Spectacular views are guaranteed on a Moroccan Trilobite hunt.

Picture Credit: Koumali Trilobites

Depending upon which part of the country you visit, tourists can search for some of the best examples of Late Cambrian Trilobite specimens, but there are also great swathes of Ordovcian and Devonian-aged strata to explore.  The range of Trilobite specimens associated with rocks of Devonian age is particularly diverse, Mohamed’s home time of Alnif is regarded by many invertebrate palaeontologists as the best place in the world to find complete fossils of the spiny, thumb-sized Trilobite Dicranurus monstrosus.  This part of Morocco has yielded much larger examples of Devonian Trilobite fauna.  The Bou Dîb Formation exposures have provided scientists with some wonderful examples of the hand-sized Drotops megalomanicus, complete with huge, compound eyes.  The team at Koumali Trilobites take parties out to explore the remarkable rock formations and with a little luck, they too, can uncover an amazing Trilobite fossil.

Cracking Open a Nodule to Reveal the Fossil Treasure Within

A Moroccan Trilobite fossil.

The slab and counter slab of a Trilobite fossil.

Picture Credit: Koumali Trilobites

Fluent in both English and French, Mohamed enjoys taking visitors out on fossil hunting trips, helping to educate and to inform people about the rich fossil heritage of his home.  He has also had the opportunity to exhibit at several European fossil trade shows, including the prestigious Saint Marie-Aux-Mines Mineral and Gem show in France.

To enquire about tours, email: koumali.trilobite@yahoo.fr for information.  Or why not check out Mohamed’s Facebook page for further details: Message Mohamed Koumali via Facebook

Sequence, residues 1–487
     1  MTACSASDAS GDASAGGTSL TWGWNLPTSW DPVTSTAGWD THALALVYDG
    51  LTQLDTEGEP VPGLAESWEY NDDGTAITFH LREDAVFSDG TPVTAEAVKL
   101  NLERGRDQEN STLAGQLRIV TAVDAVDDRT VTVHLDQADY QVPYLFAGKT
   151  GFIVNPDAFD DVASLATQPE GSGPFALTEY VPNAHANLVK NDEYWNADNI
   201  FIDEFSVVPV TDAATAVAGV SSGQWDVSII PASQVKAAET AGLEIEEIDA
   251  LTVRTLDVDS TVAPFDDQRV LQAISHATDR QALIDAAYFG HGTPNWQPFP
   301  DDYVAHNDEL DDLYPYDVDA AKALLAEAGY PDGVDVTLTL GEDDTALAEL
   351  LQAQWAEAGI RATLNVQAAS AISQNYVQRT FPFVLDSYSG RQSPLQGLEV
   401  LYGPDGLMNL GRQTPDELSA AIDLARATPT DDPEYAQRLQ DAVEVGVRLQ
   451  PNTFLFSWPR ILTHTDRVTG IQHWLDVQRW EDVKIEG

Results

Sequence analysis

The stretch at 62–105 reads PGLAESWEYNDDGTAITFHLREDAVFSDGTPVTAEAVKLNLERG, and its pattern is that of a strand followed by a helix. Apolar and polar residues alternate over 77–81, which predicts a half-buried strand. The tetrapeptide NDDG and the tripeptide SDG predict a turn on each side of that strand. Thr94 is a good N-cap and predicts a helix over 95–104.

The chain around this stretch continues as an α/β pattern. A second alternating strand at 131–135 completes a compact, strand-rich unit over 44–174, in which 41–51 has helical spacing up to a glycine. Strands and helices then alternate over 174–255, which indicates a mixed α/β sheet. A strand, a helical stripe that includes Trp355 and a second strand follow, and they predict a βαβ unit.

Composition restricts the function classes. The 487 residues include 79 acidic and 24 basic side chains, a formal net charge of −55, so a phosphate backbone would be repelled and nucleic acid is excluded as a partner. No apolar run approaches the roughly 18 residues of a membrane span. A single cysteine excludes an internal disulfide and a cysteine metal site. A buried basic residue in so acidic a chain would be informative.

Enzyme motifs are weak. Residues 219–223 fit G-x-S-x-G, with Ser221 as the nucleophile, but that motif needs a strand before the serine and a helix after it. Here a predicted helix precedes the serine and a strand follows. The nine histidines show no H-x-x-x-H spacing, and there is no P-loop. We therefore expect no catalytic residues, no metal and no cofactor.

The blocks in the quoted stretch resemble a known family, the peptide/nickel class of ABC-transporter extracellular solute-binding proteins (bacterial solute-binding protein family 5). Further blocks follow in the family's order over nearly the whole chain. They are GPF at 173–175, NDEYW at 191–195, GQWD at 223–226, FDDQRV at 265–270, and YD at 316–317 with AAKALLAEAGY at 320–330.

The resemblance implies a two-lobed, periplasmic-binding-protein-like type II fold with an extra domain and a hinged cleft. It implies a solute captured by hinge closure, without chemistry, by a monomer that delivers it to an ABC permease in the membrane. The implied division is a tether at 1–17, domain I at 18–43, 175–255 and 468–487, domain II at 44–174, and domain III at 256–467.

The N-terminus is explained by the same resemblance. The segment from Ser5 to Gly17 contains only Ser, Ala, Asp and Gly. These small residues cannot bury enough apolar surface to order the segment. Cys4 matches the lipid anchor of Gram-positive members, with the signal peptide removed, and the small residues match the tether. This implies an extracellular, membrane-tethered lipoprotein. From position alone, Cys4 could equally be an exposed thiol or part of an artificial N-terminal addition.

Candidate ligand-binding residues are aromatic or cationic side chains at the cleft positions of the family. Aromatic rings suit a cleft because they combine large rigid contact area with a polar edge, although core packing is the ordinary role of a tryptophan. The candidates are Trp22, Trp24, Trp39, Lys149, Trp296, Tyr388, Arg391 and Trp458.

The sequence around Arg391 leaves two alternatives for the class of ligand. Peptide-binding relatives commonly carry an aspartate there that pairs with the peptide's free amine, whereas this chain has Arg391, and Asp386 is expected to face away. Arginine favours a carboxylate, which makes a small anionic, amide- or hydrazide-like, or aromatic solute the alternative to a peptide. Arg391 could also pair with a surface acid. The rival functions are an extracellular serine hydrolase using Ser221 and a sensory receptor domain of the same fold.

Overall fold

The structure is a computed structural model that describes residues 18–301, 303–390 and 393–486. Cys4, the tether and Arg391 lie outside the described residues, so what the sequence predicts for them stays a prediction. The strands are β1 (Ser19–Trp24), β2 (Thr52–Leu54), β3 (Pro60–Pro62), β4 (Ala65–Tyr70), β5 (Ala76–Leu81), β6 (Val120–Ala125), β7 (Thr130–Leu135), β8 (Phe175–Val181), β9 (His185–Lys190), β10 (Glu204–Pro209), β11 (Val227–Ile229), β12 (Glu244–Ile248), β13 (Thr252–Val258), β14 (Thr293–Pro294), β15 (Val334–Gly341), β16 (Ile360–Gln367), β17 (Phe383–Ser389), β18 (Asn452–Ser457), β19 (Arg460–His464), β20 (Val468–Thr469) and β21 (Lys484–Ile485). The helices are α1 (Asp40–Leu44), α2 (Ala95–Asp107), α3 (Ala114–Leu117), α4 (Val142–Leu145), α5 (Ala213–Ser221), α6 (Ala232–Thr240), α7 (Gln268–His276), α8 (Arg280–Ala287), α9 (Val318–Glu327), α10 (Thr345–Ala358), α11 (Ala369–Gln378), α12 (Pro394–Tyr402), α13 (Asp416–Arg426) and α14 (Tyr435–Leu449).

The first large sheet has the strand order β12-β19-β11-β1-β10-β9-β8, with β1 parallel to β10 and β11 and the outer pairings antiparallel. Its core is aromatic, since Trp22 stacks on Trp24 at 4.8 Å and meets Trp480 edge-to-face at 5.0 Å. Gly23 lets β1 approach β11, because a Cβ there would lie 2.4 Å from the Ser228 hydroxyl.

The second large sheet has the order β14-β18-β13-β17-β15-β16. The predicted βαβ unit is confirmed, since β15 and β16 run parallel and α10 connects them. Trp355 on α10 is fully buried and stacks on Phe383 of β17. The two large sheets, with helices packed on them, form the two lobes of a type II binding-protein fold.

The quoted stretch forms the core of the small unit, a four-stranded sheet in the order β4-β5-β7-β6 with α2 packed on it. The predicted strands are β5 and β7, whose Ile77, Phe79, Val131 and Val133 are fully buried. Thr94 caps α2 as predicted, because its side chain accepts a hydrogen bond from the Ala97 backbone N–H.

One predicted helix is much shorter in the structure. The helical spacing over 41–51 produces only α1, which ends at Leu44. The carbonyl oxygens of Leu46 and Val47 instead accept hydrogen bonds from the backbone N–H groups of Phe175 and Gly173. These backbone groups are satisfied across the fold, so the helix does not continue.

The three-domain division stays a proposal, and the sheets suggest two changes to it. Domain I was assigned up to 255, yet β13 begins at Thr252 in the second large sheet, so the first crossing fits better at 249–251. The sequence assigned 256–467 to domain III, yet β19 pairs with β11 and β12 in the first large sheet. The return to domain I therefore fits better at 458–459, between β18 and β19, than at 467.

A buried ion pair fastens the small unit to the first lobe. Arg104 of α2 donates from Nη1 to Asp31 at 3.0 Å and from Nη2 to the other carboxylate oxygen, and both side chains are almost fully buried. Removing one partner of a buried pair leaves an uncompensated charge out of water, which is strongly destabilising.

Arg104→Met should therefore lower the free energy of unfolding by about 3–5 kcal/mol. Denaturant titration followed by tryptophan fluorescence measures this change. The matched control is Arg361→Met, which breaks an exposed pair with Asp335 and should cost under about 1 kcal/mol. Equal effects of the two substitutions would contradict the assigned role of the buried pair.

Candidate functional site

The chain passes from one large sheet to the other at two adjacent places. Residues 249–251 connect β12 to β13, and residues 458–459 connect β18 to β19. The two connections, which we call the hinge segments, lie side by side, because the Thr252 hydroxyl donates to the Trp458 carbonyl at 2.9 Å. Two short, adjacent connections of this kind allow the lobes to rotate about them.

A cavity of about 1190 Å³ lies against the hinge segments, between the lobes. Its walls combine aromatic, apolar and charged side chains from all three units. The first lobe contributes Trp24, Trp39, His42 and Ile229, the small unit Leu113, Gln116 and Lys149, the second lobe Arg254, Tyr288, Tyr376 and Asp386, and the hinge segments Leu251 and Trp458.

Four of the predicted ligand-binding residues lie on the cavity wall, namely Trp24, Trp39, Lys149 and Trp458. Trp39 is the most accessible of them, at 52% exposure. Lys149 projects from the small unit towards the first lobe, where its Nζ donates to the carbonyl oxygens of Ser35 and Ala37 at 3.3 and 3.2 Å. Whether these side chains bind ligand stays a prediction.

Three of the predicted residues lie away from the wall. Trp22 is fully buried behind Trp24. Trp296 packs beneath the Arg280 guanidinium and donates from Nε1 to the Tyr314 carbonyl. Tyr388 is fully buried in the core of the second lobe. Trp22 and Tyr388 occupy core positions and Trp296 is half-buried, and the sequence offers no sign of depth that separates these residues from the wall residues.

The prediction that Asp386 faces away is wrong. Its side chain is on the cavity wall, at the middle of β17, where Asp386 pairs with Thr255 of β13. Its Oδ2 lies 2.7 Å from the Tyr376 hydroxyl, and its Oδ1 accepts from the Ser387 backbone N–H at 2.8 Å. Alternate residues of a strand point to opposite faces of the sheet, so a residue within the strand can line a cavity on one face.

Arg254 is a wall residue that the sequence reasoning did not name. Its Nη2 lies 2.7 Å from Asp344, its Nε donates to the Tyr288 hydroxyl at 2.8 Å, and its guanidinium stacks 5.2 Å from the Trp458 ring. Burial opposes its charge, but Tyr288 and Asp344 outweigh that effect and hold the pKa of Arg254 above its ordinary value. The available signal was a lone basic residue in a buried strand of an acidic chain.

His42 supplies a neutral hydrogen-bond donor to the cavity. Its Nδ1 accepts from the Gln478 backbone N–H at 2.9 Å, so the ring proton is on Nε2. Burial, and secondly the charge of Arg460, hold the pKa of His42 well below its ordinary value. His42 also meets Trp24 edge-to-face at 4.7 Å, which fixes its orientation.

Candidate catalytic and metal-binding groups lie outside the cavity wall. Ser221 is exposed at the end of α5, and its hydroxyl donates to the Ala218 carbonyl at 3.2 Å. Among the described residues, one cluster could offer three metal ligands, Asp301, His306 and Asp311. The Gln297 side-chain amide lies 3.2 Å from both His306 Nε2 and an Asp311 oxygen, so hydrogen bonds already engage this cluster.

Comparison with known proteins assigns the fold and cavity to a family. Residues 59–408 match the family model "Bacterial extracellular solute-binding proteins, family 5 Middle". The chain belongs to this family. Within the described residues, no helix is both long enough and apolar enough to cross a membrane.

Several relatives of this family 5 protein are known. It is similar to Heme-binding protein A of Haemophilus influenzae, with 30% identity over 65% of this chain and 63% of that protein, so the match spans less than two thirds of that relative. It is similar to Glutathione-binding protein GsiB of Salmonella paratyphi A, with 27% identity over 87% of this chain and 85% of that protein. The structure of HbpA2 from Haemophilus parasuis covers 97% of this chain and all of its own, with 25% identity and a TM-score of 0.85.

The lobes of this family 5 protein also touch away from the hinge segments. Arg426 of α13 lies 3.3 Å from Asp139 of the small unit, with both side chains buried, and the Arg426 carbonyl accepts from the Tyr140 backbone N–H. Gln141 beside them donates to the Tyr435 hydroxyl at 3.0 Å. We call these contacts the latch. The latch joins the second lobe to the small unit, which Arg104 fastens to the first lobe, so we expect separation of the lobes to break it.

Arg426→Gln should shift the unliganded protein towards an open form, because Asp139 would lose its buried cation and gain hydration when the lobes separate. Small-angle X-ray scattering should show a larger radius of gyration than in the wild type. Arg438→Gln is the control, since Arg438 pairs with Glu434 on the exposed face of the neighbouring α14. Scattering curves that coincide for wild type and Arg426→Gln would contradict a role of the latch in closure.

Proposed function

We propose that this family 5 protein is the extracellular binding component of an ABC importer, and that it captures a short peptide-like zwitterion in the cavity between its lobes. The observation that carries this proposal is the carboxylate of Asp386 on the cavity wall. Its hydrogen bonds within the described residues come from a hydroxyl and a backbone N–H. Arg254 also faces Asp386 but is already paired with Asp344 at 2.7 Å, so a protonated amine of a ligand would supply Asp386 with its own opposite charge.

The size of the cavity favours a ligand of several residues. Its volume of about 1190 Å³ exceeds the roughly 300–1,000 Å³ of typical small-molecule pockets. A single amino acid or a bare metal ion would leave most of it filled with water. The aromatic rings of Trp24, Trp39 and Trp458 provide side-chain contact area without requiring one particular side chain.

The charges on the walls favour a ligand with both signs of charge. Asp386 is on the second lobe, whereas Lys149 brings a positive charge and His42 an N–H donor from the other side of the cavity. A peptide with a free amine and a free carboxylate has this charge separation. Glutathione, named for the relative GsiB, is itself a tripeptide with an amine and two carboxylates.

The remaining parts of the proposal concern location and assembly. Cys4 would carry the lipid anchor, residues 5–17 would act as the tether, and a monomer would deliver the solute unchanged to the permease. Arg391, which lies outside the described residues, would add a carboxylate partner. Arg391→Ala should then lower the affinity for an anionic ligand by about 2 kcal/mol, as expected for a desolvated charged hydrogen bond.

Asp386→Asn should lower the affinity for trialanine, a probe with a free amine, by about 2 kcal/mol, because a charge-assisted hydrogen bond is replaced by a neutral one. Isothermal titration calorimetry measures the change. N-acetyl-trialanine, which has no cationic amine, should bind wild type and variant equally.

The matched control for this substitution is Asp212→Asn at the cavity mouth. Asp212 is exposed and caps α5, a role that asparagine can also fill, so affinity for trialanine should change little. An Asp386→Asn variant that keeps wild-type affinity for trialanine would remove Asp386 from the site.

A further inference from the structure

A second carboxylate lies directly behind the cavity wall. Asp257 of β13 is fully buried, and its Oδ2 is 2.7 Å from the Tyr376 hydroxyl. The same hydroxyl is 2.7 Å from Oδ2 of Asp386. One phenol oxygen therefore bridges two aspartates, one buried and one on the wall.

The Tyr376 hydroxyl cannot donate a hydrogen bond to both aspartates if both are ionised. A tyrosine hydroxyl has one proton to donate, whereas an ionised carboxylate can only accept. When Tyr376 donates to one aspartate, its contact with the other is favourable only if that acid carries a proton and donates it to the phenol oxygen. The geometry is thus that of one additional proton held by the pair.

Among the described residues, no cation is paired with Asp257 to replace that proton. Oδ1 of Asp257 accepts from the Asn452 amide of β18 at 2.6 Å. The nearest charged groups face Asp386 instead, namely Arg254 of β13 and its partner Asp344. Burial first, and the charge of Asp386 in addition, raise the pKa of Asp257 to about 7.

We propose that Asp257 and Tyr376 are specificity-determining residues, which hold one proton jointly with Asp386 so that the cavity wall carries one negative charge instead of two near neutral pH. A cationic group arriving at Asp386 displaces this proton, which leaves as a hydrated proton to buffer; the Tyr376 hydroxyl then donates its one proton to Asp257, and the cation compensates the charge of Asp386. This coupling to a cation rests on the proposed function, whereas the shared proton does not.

An Amazing Day Exploring the Geology of South-eastern Morocco

Hunting for Moroccan Trilobites.

Out on a Trilobite hunt.

Picture Credit: Koumali Trilobites

A guided tour, a fossil walk through the beautiful Moroccan landscape with an expert guide, is one of the best ways for amateur fossil hunters to explore the geology of North Africa.

Studying the Growth Stages of Parareptiles

Juvenile Skull Specimen of Delorhynchus cifellii Helps in Growth Study

A team of scientists from the University of Toronto Mississauga (Canada), have analysed a total of seven different skulls of the parareptile Delorhynchus cifellii collected from the Early Permian fissure-fill deposits of Richard Spur, Oklahoma.   This research, looking at the skulls which represent different growth stages of this primitive reptile, is helping palaeontologists to learn more about how the skulls of early Tetrapods changed as they grew.  It may also provide a valuable insight into how temporal fenestrae (holes in the skull), of other types of vertebrate evolved.

An Illustration of a Typical Early Reptile

The parareptile Delorhynchus.

Everything Dinosaur’s illustration of the Early Permian parareptile Delorhynchus.

Picture Credit: Everything Dinosaur

Detailed Study of Cranial Ontogeny

Two species have been assigned to the genus Delorhynchus, the first D. priscus was named and described in 1962.  In 2014, a second species was described D. cifellii, from a series of fossilised remains, including cranial (skull) material excavated from strata estimated to be around 275 million-years-old.  The researchers, which included Yara Haridy (Dept. of Biology, University of Toronto Mississauga), examined the partially articulated skull and jaw of a Delorhynchus cifellii believed to represent a juvenile (based on the size of the skull compared to other specimens and the lack of fully fused skull bones).  This specimen probably represents an earlier growth stage (ontogenetic stage) of all the other known Delorhynchus skull material and as such, it helps provide a basis for a better understanding of how these ancient reptiles changed as they matured.

Views of the Delorhynchus cifellii Juvenile Skull Material Used in the Study

Delorhynchus fossil.

The cranial fossil material of a juvenile Delorhynchus.

Picture Credit: University of Toronto Mississauga

The photograph shows (above) a line drawing and image of the fossil material (right lateral view) and (below), a line drawing and image of the fossil material seen from above (dorsal view).  The line of articulated vertebrae shown in the dorsal view do not belong to this individual.  Scale bar = 1 centimetre.

Key

an, angular; ar, articular; ch, ceratohyal; d, dentary; f, frontal; j, jugal; la, lacrimal; m, maxilla; n, nasal; pal, palatine; pf, postfrontal; pm, premaxilla; po, postorbital; prf, prefrontal; q, quadrate; qj, quadratojugal; so, supraorbital; sp, splenial; sq, squamosal; st, supratemporal.